As more and more children enter the metaverse, concerns about their safety have increased. Children’s Advertising Review Unit (CARU), a US self-regulatory body overseen by BBB National Programs, has taken a proactive approach to addressing these concerns.
CARU has released metaverse guidelines containing ‘guardrails’ for protecting children in the nascent space. This guide is meant to be a valuable resource for companies, providing information on advertising and privacy regulations, as well as best practices for applying them.
The guide focuses on children’s vulnerability as an audience due to their limited knowledge and experience. It provides recommendations and best practices for businesses that create metaverse experiences to ensure compliance with advertising and privacy laws and to encourage responsible online engagement, especially towards children.
Advertising and privacy concerns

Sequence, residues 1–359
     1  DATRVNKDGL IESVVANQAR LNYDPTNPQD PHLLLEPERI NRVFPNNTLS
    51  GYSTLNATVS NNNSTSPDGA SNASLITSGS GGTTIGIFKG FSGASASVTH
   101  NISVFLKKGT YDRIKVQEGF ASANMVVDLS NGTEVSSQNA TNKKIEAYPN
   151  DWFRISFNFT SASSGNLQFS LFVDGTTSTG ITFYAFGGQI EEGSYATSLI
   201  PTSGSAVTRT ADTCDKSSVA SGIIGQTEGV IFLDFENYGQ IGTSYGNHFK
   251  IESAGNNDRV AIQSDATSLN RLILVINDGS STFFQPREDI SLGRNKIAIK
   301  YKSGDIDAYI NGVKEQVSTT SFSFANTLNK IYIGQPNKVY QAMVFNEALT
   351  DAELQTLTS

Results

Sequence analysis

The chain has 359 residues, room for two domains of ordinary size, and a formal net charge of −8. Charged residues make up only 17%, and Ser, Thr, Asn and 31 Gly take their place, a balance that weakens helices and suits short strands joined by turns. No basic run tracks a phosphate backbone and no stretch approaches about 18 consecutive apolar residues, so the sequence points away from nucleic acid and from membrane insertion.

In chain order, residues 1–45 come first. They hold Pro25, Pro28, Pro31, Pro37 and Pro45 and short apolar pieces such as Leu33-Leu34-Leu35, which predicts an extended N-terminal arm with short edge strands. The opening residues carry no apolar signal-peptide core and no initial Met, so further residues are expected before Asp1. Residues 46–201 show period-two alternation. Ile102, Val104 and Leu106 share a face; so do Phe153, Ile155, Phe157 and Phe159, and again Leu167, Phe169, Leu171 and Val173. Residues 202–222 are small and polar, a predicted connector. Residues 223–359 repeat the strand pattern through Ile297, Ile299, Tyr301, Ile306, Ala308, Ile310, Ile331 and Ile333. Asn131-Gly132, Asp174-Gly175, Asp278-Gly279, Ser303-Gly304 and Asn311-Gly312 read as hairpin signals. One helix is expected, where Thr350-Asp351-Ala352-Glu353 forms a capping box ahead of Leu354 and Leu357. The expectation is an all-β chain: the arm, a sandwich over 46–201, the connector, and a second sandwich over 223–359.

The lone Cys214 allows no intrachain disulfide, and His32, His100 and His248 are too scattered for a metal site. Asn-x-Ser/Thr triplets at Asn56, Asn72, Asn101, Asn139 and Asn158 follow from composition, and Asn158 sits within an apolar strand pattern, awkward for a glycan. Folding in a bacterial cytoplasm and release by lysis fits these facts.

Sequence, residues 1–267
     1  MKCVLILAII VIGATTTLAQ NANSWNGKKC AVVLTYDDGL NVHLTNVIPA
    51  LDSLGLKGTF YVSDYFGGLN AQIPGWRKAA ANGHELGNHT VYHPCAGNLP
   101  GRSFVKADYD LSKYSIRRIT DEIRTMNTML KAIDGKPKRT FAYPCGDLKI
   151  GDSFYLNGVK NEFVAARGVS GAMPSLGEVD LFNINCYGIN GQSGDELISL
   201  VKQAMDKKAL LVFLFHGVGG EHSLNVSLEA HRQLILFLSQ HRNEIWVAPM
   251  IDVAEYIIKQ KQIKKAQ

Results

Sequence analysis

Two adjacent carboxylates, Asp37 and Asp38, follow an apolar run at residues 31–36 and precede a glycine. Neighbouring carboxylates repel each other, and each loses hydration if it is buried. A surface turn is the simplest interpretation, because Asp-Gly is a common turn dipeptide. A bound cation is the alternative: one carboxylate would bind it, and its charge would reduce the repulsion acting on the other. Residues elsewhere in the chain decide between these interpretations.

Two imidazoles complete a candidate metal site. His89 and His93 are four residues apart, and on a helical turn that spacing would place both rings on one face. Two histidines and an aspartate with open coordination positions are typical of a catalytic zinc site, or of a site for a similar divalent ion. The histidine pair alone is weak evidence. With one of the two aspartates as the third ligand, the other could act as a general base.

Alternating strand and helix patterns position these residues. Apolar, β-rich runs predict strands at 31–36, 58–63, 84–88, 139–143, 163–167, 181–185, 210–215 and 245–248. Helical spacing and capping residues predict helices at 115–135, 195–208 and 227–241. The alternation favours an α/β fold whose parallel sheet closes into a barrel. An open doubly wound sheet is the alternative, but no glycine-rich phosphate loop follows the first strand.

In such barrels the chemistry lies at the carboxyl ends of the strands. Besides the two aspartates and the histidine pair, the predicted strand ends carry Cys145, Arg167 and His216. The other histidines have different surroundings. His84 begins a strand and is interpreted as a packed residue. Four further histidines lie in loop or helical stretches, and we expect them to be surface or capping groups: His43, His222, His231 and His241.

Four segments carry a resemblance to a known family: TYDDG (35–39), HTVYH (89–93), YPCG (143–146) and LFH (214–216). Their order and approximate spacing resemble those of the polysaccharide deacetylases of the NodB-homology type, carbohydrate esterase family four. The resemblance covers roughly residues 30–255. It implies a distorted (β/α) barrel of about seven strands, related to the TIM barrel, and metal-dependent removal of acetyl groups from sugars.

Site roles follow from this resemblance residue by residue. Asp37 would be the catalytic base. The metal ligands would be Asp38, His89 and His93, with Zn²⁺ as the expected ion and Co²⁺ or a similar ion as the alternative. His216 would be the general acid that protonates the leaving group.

One important suggestion is for companies to clearly state what is an ad and what is not, and use words that kids can easily understand such as, ‘This is an Ad.’ In addition to advertising and privacy concerns, the guide also covers potential emotional and physical risks to children, such as cyberbullying, exposure to violence, and misinformation.
Rukiya Bonner, director of CARU says, “Tens of millions of children under age 13 are active in immersive, virtual environments and game spaces, and while children can benefit from such hands-on experiences, they are also subject to unique potential risks and harms.”
While CARU is primarily concerned with children, other government organisations have also expressed concerns about adults in the metaverse and Web3. Dubai recently introduced a Responsible Metaverse Self-Governance Framework that prioritises privacy, transparency, and inclusivity to address metaverse challenges.
You can download CARU’s full metaverse guidelines here.